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  • Author: James M Dorsey
  • Publication Date: 11-2019
  • Content Type: Working Paper
  • Institution: The Begin-Sadat Centre for Strategic Studies (BESA)
  • Abstract: Turkey expects Chinese support for its incursion into Syria against the Kurds, but in return, China expects Turkey to turn a blind eye to its persecution of Turkic Muslims in Xinjiang. Turkey’s refusal to fully recognize Kurdish rights is thus intertwined with China’s brutal crackdown in its troubled northwestern province. Both parties justify their actions as efforts in the fight against terrorism.
  • Topic: Islam, Terrorism, Ethnic Cleansing, Conflict, Syrian War, Kurds
  • Political Geography: China, Turkey, Middle East, Asia, Syria, Xinjiang
  • Author: Martin van Bruinessen
  • Publication Date: 05-2018
  • Content Type: Working Paper
  • Institution: Centre for Non-Traditional Security Studies (NTS)
  • Abstract: In spite of their overwhelmingly Muslim populations, Indonesia and Turkey are formally secular states though of different kind. However, both allocate a surprisingly high proportion of the state budget to the administration of Islam, considerably higher than most countries where Islam is the state religion. In Turkey during the years 1950-2000 and in Indonesia during the New Order period (1966-1998), the state invested heavily in the education of “enlightened” religious personnel and the dissemination of religious views that were compatible with the drive for modernisation and development. Turkey’s Directorate for Religious Affairs (Diyanet) controls a huge bureaucracy through which the state interacts with the pious conservative part of the population. Schools for the training of prayer leaders addressed the needs of the same segment of the population and were intended to facilitate the integration of these conservatives into the project of secular modernisation. However, these institutions had the unforeseen effect of enabling the social mobility of once marginalised conservatives, allowing them to gradually gain control of part of the state apparatus. Mutatis mutandis, very similar developments can be observed in Indonesia, where the Ministry of Religious Affairs (MORA) and the Council of Islamic Scholars (MUI) were expected to provide development-friendly religious guidance and prevent undesirable expressions of religiosity. After the fall of the Suharto regime, the MUI made itself independent of the government and instead became a vehicle through which various conservative religious groups strove to influence government policies, with various degrees of success.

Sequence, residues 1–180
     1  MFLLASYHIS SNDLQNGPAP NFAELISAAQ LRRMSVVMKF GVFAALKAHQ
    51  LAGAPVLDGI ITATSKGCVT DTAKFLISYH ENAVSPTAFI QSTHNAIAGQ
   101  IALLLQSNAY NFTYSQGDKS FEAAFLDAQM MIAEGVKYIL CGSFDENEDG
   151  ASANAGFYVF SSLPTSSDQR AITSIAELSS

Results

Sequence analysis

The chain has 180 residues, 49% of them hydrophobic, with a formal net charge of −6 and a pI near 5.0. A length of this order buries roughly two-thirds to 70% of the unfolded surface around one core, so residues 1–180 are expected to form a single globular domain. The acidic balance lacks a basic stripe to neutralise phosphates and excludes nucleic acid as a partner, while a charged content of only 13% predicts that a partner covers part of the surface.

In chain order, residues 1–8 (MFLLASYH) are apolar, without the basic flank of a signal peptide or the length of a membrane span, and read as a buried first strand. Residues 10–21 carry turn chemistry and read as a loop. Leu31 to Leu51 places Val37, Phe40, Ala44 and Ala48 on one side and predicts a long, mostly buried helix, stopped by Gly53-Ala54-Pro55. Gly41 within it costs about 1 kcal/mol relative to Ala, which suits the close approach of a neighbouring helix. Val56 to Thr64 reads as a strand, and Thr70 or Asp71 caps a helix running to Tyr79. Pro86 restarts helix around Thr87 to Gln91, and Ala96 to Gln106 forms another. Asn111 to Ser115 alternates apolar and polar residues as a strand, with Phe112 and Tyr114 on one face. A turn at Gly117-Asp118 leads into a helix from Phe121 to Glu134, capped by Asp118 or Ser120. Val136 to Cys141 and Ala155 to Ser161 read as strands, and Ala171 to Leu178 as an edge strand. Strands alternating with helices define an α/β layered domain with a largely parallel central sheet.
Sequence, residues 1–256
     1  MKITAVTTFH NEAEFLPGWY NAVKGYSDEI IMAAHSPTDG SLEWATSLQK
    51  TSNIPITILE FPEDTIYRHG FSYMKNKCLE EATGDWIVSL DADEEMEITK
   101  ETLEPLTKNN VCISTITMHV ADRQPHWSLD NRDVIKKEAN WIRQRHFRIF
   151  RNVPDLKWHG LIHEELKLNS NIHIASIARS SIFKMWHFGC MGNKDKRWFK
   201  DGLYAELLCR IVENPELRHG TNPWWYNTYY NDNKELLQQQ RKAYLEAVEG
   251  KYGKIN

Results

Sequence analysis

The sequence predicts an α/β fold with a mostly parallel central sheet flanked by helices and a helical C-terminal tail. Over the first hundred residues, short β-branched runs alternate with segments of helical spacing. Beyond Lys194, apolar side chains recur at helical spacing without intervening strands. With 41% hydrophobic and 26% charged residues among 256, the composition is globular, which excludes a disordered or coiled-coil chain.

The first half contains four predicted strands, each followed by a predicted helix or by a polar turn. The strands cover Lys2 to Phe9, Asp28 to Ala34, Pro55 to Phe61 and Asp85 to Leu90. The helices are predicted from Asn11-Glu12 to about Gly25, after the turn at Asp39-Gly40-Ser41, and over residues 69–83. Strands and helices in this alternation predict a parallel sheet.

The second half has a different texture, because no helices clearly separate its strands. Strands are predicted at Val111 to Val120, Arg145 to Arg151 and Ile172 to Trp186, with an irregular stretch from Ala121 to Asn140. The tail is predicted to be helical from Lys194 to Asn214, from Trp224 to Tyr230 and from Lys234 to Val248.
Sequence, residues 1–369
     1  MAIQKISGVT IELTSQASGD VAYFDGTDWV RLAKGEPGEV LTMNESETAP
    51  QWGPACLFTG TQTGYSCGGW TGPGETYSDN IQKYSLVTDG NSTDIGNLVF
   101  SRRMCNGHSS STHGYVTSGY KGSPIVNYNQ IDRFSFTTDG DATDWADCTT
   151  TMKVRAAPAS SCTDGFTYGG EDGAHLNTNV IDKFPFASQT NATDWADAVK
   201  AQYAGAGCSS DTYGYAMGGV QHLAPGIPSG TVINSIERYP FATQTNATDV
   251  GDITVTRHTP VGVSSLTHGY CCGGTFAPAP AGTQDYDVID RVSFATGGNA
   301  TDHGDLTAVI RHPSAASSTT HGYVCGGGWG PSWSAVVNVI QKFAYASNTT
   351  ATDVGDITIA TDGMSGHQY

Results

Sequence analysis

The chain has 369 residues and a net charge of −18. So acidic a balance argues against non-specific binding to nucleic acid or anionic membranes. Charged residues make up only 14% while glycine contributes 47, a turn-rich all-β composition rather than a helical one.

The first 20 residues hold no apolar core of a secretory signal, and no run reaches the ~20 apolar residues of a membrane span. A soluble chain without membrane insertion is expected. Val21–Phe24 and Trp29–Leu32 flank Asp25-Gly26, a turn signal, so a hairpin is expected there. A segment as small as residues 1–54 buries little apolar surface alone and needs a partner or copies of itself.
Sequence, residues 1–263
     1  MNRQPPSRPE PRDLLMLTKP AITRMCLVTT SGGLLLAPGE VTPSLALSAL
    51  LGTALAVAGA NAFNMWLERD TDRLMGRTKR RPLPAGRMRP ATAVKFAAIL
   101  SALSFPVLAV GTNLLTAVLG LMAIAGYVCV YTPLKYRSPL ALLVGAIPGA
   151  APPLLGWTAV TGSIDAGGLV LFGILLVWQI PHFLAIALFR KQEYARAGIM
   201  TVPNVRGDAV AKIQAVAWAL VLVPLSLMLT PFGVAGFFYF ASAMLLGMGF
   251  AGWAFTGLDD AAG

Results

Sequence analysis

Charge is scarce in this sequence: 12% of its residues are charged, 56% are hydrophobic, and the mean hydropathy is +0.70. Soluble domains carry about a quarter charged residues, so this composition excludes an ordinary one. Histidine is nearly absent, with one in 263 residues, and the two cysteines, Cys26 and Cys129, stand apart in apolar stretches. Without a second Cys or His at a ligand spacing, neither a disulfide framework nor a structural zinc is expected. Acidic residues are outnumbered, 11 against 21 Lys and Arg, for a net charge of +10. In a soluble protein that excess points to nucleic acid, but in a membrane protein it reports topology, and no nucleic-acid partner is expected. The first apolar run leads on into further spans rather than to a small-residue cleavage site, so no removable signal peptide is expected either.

• Topic: Islam, Religion, Social Movement, Secularism, Modernization
  • Political Geography: Europe, Indonesia, Turkey, Asia